Your genetic data06 April 09. [link] PDF version
[Or, The ethical implications of SQL.]
The figure explains how my work in statistical genetics is all possible. It is what a genetics lab looks like. That's a work bench, like the ones upon which thousands of pipettes have squirted millions of liters of fluid in the past. But you can see that it is now taken up by a big blue box, which hooks up to a PC. Some of these big boxes use a parallel port (like an old printer) and some run via USB (like your ventilator or toothbrush). The researcher puts processed genetic material in on the side facing you in the photo, onto a tray that was clearly a CD-ROM drive in a past life. Then the internal LASER scans the material and outputs about half a million genetic markers to a plain text file on the PC.
Figure One: The tools of the data processing field known as Biology
I know I'm not the first to point this out, but the study of human health is increasingly a data processing problem. My complete ignorance regarding all things biological isn't an issue in doing analysis, as long as I know how to read a text file into a database and run statistical tests therefrom.
Historically, the problem has been to find enough data to say something. One guy had to sail to the Galapagos Islands, others used to wait for somebody to die so they could do dissections, and endless clinical researchers today post ads on bulletin boards offering a few bucks if you'll swallow the blue pill.
But now we have exactly the opposite problem: I've got 18 million data points, and the research consists of paring that down to one confident statement. In a decade or so, we went from grasping at straws to having a haystack to sift through.
I've got tools printed in textbooks from the 1970s that will eke out a relationship from a minimum of data, and 5GB of genetic data regarding people with bipolar disorder over on the other screen. Applying one to the other will give me literally thousands of ways of diagnosing bipolar disorder, none of which are in any way trustworthy.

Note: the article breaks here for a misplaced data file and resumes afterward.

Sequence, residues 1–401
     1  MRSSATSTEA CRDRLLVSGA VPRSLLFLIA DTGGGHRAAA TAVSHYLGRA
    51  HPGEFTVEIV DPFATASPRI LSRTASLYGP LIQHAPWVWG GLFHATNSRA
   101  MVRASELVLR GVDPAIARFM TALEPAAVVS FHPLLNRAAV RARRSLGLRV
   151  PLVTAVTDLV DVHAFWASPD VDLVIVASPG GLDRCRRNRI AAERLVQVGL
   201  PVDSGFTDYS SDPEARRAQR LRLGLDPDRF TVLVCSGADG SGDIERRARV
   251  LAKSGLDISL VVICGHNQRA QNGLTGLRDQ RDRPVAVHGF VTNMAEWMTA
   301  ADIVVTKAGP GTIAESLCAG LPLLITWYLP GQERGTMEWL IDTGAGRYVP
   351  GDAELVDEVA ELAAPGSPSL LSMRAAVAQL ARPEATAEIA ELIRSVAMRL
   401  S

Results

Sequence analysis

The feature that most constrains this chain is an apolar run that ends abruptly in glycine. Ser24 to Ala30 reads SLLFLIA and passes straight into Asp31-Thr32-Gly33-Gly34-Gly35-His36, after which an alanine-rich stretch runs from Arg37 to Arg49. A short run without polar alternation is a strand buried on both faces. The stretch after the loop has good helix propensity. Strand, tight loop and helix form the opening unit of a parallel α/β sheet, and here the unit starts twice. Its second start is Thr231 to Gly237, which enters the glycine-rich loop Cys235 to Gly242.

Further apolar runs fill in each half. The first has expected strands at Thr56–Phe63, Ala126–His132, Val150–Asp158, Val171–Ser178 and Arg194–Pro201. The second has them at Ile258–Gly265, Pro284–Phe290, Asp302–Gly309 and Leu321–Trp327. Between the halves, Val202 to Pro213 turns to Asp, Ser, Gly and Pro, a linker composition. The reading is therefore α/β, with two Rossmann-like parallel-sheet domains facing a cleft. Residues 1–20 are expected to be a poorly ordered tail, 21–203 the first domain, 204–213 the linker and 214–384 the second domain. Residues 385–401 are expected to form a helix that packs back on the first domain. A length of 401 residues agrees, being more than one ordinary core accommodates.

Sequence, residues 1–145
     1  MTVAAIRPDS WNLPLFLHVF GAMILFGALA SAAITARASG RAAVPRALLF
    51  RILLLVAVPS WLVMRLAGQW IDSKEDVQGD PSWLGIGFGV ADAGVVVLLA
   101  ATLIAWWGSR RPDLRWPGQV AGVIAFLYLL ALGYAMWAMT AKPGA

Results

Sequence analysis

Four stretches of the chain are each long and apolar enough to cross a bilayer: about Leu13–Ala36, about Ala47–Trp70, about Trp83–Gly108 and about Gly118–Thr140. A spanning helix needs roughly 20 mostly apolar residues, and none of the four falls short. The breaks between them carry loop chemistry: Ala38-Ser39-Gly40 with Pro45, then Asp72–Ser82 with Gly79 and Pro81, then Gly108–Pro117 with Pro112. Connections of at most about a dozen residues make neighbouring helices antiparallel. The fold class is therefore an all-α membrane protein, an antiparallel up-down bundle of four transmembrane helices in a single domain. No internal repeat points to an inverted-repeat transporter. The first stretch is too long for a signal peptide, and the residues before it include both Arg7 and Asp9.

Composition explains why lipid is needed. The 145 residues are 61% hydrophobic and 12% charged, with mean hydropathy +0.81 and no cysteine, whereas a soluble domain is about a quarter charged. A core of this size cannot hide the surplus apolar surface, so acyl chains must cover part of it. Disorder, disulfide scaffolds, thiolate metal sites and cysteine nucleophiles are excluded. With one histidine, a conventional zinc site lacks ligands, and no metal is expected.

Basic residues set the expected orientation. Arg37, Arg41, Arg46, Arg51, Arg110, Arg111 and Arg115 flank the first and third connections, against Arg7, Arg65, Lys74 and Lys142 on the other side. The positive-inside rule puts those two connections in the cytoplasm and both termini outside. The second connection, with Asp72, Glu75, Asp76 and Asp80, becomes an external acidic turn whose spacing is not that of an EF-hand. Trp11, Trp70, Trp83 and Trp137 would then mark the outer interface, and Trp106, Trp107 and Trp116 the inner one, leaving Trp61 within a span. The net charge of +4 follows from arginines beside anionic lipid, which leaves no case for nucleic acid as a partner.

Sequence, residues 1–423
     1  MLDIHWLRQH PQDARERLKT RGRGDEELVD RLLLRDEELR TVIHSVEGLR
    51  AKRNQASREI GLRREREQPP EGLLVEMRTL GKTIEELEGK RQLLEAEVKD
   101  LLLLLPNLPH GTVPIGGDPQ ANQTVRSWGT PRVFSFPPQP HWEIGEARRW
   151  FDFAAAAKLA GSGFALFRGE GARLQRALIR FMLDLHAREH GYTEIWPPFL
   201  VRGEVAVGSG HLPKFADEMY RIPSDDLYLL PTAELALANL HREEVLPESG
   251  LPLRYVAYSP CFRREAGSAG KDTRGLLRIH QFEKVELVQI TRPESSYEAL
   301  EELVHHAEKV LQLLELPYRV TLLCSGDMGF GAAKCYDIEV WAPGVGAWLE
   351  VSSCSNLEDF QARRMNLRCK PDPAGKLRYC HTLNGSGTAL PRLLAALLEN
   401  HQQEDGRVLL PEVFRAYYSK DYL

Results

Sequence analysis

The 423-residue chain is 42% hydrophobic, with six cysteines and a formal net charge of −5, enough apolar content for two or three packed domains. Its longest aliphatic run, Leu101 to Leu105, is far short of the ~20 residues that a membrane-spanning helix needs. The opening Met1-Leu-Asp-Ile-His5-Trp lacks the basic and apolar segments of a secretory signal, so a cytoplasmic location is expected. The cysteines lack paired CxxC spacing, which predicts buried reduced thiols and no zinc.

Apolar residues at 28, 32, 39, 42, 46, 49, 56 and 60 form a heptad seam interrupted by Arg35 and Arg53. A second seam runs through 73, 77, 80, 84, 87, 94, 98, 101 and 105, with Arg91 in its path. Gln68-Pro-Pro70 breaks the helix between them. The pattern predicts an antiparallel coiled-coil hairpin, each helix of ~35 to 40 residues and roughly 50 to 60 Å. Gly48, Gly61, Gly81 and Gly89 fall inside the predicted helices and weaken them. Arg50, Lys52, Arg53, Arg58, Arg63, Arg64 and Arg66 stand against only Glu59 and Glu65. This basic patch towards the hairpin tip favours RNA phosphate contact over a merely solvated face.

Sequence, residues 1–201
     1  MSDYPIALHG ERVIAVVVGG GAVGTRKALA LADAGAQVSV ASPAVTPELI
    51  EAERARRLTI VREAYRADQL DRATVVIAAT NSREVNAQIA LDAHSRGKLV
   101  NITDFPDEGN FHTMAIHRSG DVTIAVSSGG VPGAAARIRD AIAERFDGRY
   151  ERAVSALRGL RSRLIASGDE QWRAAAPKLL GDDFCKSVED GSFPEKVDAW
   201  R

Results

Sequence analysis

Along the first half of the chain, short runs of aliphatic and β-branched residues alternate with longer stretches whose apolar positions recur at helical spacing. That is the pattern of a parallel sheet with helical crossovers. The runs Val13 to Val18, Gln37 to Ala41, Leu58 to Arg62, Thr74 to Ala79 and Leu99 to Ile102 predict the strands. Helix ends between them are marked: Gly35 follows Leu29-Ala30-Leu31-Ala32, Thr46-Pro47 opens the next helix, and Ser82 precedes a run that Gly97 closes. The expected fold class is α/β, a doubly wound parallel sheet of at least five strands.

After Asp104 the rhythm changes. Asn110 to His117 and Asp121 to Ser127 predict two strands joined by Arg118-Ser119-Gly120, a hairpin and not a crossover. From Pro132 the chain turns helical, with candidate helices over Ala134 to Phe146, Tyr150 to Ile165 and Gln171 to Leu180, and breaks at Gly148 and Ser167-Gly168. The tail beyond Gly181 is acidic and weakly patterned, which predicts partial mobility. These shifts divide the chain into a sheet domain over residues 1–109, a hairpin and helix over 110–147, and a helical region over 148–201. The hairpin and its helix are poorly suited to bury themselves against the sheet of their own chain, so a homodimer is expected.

So the analytic technology is not quite there yet. There's a specific protocol for drawing blood that every nurse practitioner knows by heart, and another protocol for breaking that blood down to every little subpart. We have protocols for gathering genetic data, but don't yet have reliable and standardized schemes for extracting information from it.
When we do have such a protocol--and it's plausible that we soon will--that's when the party starts.
If you remember as much high school biology as I do, then you know that a gene is translated in human cells into a set of proteins that then go off and do some specific something (sometimes several specific somethings).
If you know that a certain gene is linked to a certain disorder, then you know that there is an entire pathway linked to that disorder, and you now have several points where you could potentially break the chain. Or at least, that's how it'd work in theory. Again, there's no set protocol. There are many ways to discover the mechanism of a disorder, but the genetic root is the big fat hint that can make it all come together right quick. So the scientists still working with squishy biological organisms are also keeping their eye on the database-crunchers for clues about what to poke at.